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Trade Liberalization And Institutional Development

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  • Sambit Bhattacharyya

Abstract

Recent research shows that the majority of cross-national variation in institutions is related to history. The within variation however is somewhat less explored. We find that the within variation in economic institutions can be explained by trade liberalization. This relationship is robust with various indicators of liberalization, in different sub-samples, and to the inclusion of additional covariates. Short-run trade liberalization appears to be more important than long-run trade liberalization. This may be indicative of a short-term trade liberalization induced shift in the long-run institutional equilibrium. We also find that the country fixed effects are highly correlated with settler mortality and other historical variables. This is consistent with recent theoretical developments in the political economy literature and with the ‘critical juncture’ view of history.

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Bibliographic Info

Paper provided by The Australian National University, Arndt-Corden Department of Economics in its series Departmental Working Papers with number 2008-13.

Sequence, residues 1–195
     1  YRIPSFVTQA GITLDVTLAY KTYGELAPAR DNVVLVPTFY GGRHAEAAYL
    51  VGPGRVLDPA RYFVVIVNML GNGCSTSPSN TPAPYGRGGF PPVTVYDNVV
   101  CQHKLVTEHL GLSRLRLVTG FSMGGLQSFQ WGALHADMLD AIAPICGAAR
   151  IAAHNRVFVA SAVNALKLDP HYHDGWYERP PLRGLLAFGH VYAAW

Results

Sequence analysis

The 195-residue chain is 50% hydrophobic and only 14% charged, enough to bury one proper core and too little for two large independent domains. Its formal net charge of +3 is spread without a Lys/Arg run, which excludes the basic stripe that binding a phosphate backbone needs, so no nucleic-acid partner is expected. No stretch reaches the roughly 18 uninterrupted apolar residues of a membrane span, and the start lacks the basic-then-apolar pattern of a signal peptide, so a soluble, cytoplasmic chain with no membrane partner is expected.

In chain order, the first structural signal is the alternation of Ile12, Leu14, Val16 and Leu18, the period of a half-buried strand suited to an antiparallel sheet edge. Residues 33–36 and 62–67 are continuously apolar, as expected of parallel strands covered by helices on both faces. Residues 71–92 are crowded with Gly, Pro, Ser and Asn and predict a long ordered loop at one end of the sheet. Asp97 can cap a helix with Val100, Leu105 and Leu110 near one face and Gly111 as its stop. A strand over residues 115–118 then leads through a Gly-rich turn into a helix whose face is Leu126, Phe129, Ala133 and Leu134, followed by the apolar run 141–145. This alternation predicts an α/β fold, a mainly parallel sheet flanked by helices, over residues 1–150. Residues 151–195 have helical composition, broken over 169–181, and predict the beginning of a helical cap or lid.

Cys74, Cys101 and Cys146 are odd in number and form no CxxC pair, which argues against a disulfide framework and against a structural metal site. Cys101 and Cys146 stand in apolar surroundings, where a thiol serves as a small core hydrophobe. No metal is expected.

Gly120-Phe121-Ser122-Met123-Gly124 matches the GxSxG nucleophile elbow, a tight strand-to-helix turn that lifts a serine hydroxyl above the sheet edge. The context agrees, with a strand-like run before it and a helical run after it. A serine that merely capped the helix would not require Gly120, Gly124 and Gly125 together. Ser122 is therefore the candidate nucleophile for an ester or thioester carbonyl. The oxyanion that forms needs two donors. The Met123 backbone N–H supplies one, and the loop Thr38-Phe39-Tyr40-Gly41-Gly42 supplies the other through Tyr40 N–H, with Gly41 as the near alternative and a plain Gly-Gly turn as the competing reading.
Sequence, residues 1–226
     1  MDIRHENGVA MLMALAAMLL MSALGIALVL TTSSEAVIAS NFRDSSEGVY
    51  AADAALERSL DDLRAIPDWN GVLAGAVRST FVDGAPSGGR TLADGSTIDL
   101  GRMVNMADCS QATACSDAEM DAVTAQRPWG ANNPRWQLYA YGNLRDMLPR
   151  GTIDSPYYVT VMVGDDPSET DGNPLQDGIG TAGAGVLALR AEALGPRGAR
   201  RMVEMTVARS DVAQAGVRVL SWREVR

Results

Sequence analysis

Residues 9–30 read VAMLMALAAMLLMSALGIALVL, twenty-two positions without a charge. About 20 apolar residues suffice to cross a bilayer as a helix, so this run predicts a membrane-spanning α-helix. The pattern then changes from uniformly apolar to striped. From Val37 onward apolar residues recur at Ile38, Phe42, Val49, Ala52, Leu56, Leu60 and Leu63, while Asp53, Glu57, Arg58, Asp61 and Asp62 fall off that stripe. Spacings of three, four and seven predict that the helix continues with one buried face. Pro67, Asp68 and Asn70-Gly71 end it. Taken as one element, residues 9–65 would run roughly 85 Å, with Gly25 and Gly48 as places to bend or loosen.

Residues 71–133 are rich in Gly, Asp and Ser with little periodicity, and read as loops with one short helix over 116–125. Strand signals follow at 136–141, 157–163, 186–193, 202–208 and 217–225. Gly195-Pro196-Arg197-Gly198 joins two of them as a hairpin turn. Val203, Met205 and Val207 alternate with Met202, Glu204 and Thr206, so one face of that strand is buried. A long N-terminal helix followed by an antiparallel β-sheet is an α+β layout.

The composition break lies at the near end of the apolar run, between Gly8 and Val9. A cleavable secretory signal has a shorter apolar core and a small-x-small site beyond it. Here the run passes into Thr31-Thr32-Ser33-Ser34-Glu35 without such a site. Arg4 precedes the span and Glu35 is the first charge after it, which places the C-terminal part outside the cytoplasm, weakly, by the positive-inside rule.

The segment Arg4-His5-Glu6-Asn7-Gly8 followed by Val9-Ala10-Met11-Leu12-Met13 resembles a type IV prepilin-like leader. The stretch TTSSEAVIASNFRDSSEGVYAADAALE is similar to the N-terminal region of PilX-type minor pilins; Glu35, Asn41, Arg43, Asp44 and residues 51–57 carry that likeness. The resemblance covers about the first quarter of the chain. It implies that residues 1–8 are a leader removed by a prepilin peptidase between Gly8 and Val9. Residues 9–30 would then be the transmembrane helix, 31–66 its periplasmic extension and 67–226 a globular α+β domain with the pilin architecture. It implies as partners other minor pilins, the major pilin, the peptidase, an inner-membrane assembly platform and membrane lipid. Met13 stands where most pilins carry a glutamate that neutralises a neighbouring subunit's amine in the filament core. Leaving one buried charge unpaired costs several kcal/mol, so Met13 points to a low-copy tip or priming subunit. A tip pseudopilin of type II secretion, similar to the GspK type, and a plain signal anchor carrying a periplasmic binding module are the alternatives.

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Length: 51 pages
Date of creation: 2008
Date of revision:
Handle: RePEc:pas:papers:2008-13

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Keywords: Trade Liberalization; Institutions; Economic Development;

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Cited by:
  1. Kalyvitis, Sarantis & Vlachaki, Irene, 2012. "When does more aid imply less democracy? An empirical examination," European Journal of Political Economy, Elsevier, vol. 28(1), pages 132-146.
  2. Reddy, Kotapati Srinivasa & Nangia, Vinay Kumar & Agrawal, Rajat, 2013. "Indian economic-policy reforms, bank mergers, and lawful proposals: The ex-ante and ex-post ‘lookup’," Journal of Policy Modeling, Elsevier, vol. 35(4), pages 601-622.
  3. Audrey Menard, 2012. "Why foreign aid does (not) improve democracy?," Working Papers of BETA 2012-19, Bureau d'Economie Théorique et Appliquée, UDS, Strasbourg.
  4. Bergh, Andreas & Mirkina, Irina & Nilsson, Therese, 2013. "More Open – Better Governed? Evidence from High- and Low-income Countries," Working Paper Series 997, Research Institute of Industrial Economics.

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